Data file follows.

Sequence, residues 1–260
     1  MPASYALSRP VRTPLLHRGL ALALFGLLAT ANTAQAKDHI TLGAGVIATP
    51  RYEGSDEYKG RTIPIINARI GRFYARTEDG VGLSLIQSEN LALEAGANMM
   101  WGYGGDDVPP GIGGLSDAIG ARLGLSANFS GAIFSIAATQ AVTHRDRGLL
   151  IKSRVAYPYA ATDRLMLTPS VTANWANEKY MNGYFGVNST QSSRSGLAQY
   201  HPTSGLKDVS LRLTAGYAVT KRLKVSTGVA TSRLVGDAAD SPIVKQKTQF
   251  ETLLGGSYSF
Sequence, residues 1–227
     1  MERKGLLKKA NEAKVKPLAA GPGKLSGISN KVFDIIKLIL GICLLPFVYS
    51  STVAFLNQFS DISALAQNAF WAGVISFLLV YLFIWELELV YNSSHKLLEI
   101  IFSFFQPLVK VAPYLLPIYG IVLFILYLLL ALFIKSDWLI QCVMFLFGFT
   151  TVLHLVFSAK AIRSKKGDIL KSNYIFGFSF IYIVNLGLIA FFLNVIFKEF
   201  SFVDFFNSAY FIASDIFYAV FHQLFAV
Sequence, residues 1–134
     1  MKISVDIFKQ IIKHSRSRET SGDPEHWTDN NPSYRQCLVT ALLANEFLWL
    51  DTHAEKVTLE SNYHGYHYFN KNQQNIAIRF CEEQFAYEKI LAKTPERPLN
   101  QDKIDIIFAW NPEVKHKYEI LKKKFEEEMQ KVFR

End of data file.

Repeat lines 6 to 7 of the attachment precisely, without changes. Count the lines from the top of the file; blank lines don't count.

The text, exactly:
   201  HPTSGLKDVS LRLTAGYAVT KRLKVSTGVA TSRLVGDAAD SPIVKQKTQF
   251  ETLLGGSYSF